Hiroshima mon amour (France-Japan, 1959)

Post-war existential angst

Post-war existential angst

I guess there is still a ‘canon’ of ‘great’ films that all cinephiles should see and in these days of DVD plenitude there are few of them that are not available. Canons are elitist and, to an extent, discredited (particularly in literature where, in the west, it is/was based on white, male writers) but are useful for those wanting to get a guide on what films from the past should be watched. (Incidentally the ‘key films’ pages on this blog are not necessarily canonic, but are significant in some way either stylistically or commercially).

One of the excitements of youth is being presented with a massive amount of (potentially) great films to watch. As you get older, and have spent many years ploughing through the canon, there are fewer ‘classics’ left. Hiroshima mon amour is one ‘great’ film I hadn’t seen.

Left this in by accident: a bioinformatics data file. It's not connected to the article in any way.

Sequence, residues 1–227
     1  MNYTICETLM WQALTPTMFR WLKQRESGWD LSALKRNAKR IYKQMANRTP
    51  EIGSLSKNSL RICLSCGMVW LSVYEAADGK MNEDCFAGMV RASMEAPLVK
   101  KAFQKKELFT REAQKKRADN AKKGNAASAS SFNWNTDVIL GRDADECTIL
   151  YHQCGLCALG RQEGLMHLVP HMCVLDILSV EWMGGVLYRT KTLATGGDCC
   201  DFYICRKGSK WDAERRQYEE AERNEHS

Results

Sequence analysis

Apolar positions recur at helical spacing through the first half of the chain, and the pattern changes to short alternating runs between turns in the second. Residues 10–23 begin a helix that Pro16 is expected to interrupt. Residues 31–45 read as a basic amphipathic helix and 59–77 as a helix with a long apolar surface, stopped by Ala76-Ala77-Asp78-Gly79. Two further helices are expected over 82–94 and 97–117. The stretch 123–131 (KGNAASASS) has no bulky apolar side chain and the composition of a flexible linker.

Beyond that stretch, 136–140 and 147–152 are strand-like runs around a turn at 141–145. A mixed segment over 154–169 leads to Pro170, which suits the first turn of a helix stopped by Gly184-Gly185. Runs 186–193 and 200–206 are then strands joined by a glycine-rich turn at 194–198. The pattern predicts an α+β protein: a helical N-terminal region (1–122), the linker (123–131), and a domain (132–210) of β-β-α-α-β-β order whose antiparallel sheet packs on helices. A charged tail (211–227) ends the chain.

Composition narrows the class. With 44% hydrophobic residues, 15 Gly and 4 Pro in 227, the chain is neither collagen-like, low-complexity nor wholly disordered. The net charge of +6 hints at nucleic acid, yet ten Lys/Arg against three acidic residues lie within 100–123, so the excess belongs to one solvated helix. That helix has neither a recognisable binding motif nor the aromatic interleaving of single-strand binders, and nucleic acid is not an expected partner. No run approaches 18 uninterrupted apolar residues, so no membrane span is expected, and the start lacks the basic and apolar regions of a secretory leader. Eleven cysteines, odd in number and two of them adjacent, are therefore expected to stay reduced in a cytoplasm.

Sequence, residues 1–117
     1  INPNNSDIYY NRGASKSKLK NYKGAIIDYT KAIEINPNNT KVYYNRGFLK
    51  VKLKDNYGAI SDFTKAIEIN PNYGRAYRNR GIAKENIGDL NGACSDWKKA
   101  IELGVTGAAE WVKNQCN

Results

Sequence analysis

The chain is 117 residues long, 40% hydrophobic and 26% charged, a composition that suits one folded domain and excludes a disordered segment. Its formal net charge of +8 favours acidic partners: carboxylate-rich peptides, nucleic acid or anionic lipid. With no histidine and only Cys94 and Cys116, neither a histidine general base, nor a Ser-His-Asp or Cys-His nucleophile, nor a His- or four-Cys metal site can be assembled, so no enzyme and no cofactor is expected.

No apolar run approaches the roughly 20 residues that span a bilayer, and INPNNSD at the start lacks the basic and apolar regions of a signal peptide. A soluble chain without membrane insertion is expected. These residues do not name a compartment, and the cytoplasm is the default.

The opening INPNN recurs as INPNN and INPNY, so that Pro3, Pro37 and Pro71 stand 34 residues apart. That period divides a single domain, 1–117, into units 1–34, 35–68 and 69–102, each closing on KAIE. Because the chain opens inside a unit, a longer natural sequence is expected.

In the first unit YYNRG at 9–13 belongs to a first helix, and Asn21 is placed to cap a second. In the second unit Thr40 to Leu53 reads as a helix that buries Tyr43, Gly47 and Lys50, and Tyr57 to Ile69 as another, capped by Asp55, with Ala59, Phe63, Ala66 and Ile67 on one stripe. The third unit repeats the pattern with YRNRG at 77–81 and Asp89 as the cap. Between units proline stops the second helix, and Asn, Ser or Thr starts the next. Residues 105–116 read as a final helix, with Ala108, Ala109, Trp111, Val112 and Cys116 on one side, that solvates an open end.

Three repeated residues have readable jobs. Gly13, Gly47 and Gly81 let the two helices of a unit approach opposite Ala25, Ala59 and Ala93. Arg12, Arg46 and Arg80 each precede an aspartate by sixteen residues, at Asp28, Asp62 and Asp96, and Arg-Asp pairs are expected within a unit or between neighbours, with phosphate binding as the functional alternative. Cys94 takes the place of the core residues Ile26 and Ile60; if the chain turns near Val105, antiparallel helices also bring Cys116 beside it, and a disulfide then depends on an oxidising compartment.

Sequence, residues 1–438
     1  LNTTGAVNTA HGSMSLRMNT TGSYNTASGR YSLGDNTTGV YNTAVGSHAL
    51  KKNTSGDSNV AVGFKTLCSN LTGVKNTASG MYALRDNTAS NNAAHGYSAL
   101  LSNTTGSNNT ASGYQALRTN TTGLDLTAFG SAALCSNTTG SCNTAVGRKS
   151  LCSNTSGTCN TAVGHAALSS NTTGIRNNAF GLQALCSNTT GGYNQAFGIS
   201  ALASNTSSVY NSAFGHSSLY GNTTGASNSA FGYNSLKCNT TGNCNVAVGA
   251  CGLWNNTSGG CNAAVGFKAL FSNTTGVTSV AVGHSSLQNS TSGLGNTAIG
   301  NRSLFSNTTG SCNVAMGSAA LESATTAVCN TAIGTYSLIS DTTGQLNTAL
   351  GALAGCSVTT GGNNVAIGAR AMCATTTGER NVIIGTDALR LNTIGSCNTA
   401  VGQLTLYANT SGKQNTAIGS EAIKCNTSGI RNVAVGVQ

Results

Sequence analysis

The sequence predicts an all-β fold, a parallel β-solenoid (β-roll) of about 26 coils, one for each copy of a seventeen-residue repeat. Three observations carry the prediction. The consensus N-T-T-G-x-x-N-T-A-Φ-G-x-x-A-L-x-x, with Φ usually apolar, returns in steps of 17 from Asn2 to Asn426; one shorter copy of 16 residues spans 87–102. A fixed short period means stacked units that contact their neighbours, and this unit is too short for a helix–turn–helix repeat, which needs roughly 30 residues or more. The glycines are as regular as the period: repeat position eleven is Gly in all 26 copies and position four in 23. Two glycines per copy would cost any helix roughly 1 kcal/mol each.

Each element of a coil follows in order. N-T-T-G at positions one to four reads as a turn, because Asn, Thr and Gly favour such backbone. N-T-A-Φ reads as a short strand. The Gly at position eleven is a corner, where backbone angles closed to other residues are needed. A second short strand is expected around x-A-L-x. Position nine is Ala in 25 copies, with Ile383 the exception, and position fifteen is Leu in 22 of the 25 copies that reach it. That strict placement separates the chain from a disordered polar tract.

I love Alain Resnais’ Last Year in Marienbad (1961) but after a terrific 20 minutes (beautiful abstract images of the entwined naked bodies of the protagonists) I got irritated. Coincidentally in yesterday’s The Guardian Joe Queenan lists it as one of the great films of the French ‘new wave’ so who’s wrong? Certainly it’s a ‘key film’, Resnais’ roving camera and abstruse voice over, are very distinctive however… The film starts investigating, in horrific style, the effects of the Hiroshima bomb but then its focus switches to Elle and her treatment in small-town France after she fell in love with an occupying German soldier. What happened to her is undoubtedly tragic however is virtually meaningless in comparison with the A-bomb’s effects so appears self-indulgent; maybe the narrative trajectory should have been the other way around and so the character might learn her travailles are meaningless compared to what happened to the Japanese. Ultimately the film comes over as indulgent and dated existential angst.

That was disappointing.